PLO official says Palestinian Authority dishing out $15 million per month in terrorism reward payments.
By Yakir Benzion, United With Israel
A senior official of the Palestine Liberation Organization (PLO) says the Palestinian Authority paid out some 600 million shekels ($181 million) in stipends to Palestinian terrorists and their families last year under the PA’s pay-for-slay policy, Times of Israel reported Thursday.
For decades, the Palestinians have used foreign donor money, including U.S. taxpayer funds and other sources, to reward terrorists and their families. These are monthly cash payments to terrorist prisoners, released terrorist prisoners, and to the families of the so-called “martyrs” – any Palestinian killed while carrying out attacks against Israelis.
That includes payments in perpetuity to the families of suicide bombers as a reward for their “sacrifice” to the Palestinian cause.
“Because the PA hands out more money for longer sentences in Israeli prisons, those incarcerated for the most brutal terror attacks receive more funding from Ramallah,” Times of Israel noted.
“We pay around 50 million shekels ($15 million) per month in salaries,” PLO Commissioner for Prisoners’ Affairs Qadri Abu Bakr told the news site.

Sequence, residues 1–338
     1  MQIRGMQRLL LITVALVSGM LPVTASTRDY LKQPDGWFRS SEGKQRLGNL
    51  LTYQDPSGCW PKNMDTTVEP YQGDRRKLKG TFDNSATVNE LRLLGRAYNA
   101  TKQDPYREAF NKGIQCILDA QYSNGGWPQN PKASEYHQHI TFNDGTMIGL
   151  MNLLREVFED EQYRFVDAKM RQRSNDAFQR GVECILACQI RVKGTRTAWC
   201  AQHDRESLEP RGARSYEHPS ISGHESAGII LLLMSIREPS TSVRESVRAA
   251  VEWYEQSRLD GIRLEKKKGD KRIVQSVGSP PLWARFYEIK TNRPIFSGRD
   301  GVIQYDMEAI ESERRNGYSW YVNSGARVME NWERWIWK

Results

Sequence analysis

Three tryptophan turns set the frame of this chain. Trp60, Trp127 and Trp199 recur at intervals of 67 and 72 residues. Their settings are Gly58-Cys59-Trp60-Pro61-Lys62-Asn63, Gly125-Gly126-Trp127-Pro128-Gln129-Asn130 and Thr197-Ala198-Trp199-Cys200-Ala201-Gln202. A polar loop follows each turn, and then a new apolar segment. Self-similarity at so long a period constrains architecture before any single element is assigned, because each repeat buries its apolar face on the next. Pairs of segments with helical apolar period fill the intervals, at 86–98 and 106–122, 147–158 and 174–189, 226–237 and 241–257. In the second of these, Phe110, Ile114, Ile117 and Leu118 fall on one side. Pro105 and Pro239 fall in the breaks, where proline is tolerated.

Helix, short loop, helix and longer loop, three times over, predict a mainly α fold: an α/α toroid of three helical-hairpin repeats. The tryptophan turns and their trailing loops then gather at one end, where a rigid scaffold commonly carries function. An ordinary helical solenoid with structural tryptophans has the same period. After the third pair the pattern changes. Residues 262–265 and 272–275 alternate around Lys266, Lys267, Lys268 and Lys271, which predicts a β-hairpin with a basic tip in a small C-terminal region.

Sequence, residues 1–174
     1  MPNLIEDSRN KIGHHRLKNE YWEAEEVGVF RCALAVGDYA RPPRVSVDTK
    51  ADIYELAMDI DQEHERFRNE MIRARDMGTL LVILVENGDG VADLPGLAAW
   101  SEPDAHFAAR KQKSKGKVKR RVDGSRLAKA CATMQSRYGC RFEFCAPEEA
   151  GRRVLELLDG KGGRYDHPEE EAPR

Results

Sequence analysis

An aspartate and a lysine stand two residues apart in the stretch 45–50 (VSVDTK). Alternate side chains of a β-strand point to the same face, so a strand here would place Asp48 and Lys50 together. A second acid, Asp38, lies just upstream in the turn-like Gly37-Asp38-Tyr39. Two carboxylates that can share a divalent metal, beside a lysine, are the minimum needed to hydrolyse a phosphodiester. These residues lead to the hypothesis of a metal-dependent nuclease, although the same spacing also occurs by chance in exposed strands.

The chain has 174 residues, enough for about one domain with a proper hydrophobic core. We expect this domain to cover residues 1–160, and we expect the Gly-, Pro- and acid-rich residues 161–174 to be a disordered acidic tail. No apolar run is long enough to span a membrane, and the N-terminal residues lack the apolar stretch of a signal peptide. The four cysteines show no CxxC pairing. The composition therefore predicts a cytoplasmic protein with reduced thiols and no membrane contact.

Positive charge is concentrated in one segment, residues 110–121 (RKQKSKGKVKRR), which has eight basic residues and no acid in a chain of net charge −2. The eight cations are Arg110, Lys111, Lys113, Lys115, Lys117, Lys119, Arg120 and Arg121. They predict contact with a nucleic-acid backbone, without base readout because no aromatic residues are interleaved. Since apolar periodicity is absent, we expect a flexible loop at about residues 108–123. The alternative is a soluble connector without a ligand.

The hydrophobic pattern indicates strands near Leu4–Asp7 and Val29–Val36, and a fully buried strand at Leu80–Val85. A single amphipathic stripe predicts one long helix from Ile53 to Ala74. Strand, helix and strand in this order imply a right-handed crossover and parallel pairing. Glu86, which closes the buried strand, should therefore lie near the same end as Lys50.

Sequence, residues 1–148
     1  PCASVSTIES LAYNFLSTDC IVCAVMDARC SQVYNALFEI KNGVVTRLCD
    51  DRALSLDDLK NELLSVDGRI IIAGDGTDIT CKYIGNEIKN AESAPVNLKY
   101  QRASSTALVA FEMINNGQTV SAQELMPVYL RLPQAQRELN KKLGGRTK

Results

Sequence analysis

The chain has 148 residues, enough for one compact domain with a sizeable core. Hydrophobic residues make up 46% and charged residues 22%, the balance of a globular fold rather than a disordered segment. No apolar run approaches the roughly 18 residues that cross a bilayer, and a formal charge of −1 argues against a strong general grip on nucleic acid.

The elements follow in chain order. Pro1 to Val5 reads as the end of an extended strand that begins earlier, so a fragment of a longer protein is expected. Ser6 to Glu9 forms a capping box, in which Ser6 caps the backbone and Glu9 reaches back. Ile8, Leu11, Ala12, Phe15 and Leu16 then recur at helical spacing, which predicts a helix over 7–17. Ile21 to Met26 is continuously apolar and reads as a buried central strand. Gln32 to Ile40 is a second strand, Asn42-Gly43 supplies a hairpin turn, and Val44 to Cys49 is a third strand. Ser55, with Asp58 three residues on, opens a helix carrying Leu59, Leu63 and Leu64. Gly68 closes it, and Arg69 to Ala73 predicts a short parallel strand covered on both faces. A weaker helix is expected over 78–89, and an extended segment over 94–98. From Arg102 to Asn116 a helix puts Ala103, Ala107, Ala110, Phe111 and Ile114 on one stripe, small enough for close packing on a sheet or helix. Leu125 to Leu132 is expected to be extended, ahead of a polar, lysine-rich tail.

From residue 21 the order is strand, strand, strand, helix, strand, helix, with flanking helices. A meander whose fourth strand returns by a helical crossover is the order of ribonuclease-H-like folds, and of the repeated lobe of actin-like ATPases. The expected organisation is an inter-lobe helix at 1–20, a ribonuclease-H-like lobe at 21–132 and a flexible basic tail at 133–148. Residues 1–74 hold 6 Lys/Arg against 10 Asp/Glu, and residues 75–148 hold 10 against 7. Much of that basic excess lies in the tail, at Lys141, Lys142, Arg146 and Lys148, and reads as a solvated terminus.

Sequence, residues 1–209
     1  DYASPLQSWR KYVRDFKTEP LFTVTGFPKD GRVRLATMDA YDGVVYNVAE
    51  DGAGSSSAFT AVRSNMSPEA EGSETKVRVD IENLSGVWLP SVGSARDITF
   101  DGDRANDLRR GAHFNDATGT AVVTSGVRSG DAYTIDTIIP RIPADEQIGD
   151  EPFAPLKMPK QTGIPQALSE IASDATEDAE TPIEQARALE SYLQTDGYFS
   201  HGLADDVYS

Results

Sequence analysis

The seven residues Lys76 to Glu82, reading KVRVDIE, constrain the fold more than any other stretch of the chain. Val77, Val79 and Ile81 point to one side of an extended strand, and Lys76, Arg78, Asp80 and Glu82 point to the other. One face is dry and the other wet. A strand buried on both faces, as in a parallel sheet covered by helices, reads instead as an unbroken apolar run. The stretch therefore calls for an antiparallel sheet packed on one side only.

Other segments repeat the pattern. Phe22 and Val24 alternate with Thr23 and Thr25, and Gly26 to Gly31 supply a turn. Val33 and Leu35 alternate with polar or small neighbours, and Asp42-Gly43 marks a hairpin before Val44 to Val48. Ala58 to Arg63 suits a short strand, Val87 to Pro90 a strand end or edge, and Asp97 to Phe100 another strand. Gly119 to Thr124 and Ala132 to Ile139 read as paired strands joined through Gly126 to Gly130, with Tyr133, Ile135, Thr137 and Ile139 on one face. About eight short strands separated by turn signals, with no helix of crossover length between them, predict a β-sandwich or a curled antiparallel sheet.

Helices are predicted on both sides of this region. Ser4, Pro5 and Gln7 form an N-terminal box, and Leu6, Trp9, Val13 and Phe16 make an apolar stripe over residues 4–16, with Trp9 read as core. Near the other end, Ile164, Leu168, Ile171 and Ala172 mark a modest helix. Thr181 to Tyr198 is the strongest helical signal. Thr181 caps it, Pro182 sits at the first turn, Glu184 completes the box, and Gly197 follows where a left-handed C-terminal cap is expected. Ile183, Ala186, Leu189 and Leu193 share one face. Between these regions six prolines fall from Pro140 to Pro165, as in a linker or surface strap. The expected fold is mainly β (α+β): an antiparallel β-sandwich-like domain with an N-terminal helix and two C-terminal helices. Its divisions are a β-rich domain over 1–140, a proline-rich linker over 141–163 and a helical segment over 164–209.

Over the past two years, Israel has introduced new legislation that would bring legal action against any Palestinian bank that provides payments as a reward for terrorism. Instead of stopping the practice as has been demanded by Israel and the United States, the Palestinian Authority has looked for loopholes to keep the reward payments going.
Abu Bakr said that around 7,500 released Palestinian prisoners currently receive salaries from the PLO. Another 4,500 who are still in detention also get paid.
The $181 in payouts, to which he admitted, is even higher than the $159 million calculated by the Israeli watchdog group Palestinian Media Watch, which has tracked the reward payments for terrorism and helped craft the Israeli legislation.
The Trump Administration cut off funding to the Palestinians in part over their refusal to stop the pay-for-slay payments. That decision was in line with the Taylor Force Act, passed by the Senate in 2018, which received bipartisan support and was named for 28-year-old American graduate student Taylor Force, who was stabbed to death by a Palestinian terrorist in Tel Aviv in March 2016 during a university trip to Israel.
Although Force’s murderer, Bashar Masalha, was killed by police, the Masalha family gets monthly cash payments in return for their son’s “martyrdom.” In addition to killing Force, the terrorist stabbed and wounded 11 other people, including a pregnant woman.
The Biden Administration said it wants to resume funding to the Palestinians, but that will be difficult to do while still complying with both the Taylor Force Act and the Anti-Terrorism Clarification Act (ATCA), both of which prohibit funding entities that give financial support to terrorism.
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